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Posts from the ‘Gravesend’ Category


1/2 The “We don’t have any tables this evening unless you made reservations” spiel I was given at 6:30pm the Saturday before Tanoreen was reviewed in the New York Times, kind of threw me. Ok, bye. I wasn’t going to be Minetta Taverned in Bay Ridge. As much as Sripraphai, too, has grown to attract diners beyond the immediate neighborhood (also to the point of impenetrability on weekend nights) I like that they’ve maintained a first come first served policy and are unlikely to start offering valet parking.

But I wanted a bunch of mezzes still. We’d parked in front of Sally & George’s, but I didn’t know if they were going to cut it or not. Maybe I am missing out, I just wasn’t taking any more chances that evening. Off to Coney Island Avenue, home of Sahara and the most unlikely billboard advertising campaign that actually worked on me.

Sahara exteriorThis is really the domain of Previously on Sahara, but before I had any inkling that I would be living on the corner of Fourth Place and Henry Street, I used to drive past a giant Sahara ad along the BQE, just a block south from where I now reside. From a distance the meat on a spit (poorly photographed plastic rendition on the façade of the restaurant pictured) looked like an ice cream sundae, at closer range, a meat sundae (just yesterday I read about the existence of a barbecue sundae—nothing to do with Middle Eastern food yet intriguing, right?). After countless billboard drive-bys, I eventually had to see what Sahara was all about for myself.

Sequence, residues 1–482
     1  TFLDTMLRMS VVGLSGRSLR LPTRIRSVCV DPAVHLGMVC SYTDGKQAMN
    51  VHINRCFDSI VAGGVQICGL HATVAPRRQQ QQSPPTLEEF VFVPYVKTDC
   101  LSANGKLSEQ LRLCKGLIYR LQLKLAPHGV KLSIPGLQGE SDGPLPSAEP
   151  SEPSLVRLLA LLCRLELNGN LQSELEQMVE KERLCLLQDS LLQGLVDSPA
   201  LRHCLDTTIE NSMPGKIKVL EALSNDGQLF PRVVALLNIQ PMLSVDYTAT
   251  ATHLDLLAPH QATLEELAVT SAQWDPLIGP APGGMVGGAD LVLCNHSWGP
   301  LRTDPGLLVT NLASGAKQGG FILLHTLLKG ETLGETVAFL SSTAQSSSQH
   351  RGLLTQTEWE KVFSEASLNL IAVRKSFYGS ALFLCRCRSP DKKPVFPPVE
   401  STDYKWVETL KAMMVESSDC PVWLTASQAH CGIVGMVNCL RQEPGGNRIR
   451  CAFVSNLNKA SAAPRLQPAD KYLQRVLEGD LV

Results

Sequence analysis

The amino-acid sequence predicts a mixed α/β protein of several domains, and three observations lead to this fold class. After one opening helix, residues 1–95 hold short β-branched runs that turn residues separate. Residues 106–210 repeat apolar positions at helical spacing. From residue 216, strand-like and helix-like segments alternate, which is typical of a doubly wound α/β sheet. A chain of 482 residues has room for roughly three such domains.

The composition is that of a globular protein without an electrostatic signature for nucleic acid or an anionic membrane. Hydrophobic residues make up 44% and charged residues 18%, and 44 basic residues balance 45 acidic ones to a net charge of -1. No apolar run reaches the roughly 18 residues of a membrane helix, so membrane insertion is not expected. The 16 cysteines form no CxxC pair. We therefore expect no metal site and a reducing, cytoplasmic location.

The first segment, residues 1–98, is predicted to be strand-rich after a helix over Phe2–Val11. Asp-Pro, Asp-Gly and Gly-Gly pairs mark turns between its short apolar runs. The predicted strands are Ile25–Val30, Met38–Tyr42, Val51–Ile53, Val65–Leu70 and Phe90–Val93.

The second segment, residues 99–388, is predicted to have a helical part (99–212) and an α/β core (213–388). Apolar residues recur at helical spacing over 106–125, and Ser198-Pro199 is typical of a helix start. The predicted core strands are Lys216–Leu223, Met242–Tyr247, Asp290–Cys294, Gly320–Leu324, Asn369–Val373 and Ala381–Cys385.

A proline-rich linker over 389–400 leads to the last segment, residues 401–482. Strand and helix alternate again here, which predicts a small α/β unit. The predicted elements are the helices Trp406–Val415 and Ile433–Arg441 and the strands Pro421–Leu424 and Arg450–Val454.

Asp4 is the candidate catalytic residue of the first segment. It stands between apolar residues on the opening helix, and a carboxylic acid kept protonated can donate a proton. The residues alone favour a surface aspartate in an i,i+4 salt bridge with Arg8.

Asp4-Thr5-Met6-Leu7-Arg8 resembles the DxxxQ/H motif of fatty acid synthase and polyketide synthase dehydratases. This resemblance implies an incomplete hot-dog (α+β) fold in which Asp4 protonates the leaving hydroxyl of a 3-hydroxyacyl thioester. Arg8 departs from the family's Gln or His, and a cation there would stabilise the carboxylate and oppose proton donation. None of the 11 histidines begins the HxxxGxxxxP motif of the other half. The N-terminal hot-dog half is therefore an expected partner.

Sahara cold appetizers

But really, my favorite things at Sahara have nothing to do with meat. The small cold appetizer platter (there is a selection of warm items, too, but I was trying to avoid an abundance of fried food) a.k.a. karisik meze tabagri is only $9.50 and contains hummus, baba ghanoush, eggplant spread, potato salad, fried eggplant, lebne (garlic yogurt and walnuts), tabule and a stuffed grape leaf. All their English spellings. Paired with the warm rounds of Turkish bread, it could easily be a standalone meal. Even shared, it’s substantial.

Sahara beyti kebab

I also ordered one of the many lamb plus rice dishes, the beyti kebab, lightly spiced ground meat mixed with parsley and onion. There are seven other ways to enjoy lamb on the menu, as well as a page devoted to chicken and another to seafood. It has never occurred to me to try a whole sea bream or sword fish kebabs.

Leaving with leftovers, too full for dessert, I did stop by the front takeout counter and picked out two pieces of baklava to go. They didn’t even charge me. Really? Service is not what big and bustling Sahara is known for, so this small gesture stood out. I couldn’t picture a circumstance where Tanoreen would offer me pastries on the house.

Sahara * 2337 Coney Island Ave., Brooklyn, NY